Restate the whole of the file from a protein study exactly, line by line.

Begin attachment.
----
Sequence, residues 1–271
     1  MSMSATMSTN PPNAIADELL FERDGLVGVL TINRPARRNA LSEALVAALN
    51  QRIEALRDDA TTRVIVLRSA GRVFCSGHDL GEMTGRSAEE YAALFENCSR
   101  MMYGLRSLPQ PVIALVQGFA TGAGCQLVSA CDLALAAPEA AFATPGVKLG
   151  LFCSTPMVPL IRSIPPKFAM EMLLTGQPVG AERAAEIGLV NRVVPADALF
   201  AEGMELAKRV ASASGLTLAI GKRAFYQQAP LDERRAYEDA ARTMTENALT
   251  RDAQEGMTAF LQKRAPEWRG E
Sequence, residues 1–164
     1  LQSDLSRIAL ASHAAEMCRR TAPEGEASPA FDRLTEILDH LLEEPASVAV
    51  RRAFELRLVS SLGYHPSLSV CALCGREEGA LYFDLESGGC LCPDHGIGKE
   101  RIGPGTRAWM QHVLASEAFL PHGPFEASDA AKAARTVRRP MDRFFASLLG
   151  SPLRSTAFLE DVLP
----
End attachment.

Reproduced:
Sequence, residues 1–271
     1  MSMSATMSTN PPNAIADELL FERDGLVGVL TINRPARRNA LSEALVAALN
    51  QRIEALRDDA TTRVIVLRSA GRVFCSGHDL GEMTGRSAEE YAALFENCSR
   101  MMYGLRSLPQ PVIALVQGFA TGAGCQLVSA CDLALAAPEA AFATPGVKLG
   151  LFCSTPMVPL IRSIPPKFAM EMLLTGQPVG AERAAEIGLV NRVVPADALF
   201  AEGMELAKRV ASASGLTLAI GKRAFYQQAP LDERRAYEDA ARTMTENALT
   251  RDAQEGMTAF LQKRAPEWRG E
Sequence, residues 1–164
     1  LQSDLSRIAL ASHAAEMCRR TAPEGEASPA FDRLTEILDH LLEEPASVAV
    51  RRAFELRLVS SLGYHPSLSV CALCGREEGA LYFDLESGGC LCPDHGIGKE
   101  RIGPGTRAWM QHVLASEAFL PHGPFEASDA AKAARTVRRP MDRFFASLLG
   151  SPLRSTAFLE DVLP